By Matt Sloane
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(CNN) -- More than 17 percent of American children are overweight, and with dwindling resources for after-school programs, less recess time and high-fat foods on the lunch line, those numbers are not showing signs of dropping anytime soon.
But in response to CNN's FitNation Challenge, physical education teacher Todd Sisneros vowed to find a way to raise the odds for his students.
"I set out to create an exercise DVD for kids that was developmentally appropriate and educational for kids and parents," said Sisneros, who splits his time between two elementary schools near Las Vegas, Nevada.
Using a low-budget camcorder, a DVD recorder and money he and his students raised, Sisneros put together four workouts for kids and distributed them free to school families. (Watch how the teacher came up with his award-winning plan -- 1:55 )
"The kids can follow the workouts at home anytime regardless of weather, money or parental unavailability to take them to fitness activities -- the kids have been empowered."
Sisneros' efforts have paid off, not only for the kids, but for the program itself.
For his work, Sisneros was selected the winner of the $5,000 first prize in the FitNation Challenge.
The second prize will be awarded to Dean Rice of Andover, Minnesota, who started "The Million Mile Challenge" -- a bike race challenging local residents collectively to ride a million miles on their bikes.
The third prize was awarded to the group Spelman SHAPE (Student Health Associates and Peer Educators), which is working with schoolchildren in Atlanta, Georgia, to teach good eating and exercise habits. Spelman College, a historically black school, is faced with the added challenge of curbing high rates of obesity-related disease in the African-American community.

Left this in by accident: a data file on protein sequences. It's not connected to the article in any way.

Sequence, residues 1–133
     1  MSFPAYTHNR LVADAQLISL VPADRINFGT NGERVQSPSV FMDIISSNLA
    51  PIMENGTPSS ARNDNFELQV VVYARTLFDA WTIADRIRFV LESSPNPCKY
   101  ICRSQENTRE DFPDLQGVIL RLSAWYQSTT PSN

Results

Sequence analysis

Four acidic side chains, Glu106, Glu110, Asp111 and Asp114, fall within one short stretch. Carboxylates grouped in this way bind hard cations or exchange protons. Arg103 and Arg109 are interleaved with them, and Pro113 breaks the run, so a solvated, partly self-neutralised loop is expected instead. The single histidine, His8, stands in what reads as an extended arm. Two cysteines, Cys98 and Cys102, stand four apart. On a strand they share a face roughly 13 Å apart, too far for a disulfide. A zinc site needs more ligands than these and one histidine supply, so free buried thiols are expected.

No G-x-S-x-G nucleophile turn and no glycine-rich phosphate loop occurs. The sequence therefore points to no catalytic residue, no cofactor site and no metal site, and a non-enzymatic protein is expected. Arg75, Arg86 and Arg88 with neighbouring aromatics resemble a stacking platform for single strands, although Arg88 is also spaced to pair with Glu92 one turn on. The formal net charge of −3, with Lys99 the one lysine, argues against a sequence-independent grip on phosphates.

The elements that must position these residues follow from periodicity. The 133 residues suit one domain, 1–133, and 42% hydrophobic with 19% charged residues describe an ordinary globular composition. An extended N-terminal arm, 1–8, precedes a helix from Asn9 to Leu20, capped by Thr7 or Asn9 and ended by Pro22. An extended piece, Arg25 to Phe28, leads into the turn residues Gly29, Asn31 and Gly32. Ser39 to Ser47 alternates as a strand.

In addition to the cash prize, Sisneros will appear on the FitNation segment of CNN's weekend health show, "House Call With Dr. Sanjay Gupta." Both the second- and third-place winners have the chance to be on the show as well.
CNN's FitNation tour set out this year to challenge educators, parents, students and physicians across the country to take on the challenge of tightening Americans' waistlines.
"You don't have to be a doctor to learn that achieving better health and fitness is really about making lifestyle changes," said Dr. Sanjay Gupta, CNN's senior medical correspondent. "In order to really offer useful information to our viewers, we knew that CNN would need to engage people in their own communities to discuss the challenges and solutions to living healthier lives."
Gupta was joined in his seven-city college tour by high-profile fitness advocates -- former President Clinton, California first lady Maria Shriver, U.S. Sen. Tom Harkin, D-Iowa, and champion athlete Lance Armstrong, along with the American Heart Association, nutrition experts and physicians dealing daily with the health effects of obesity.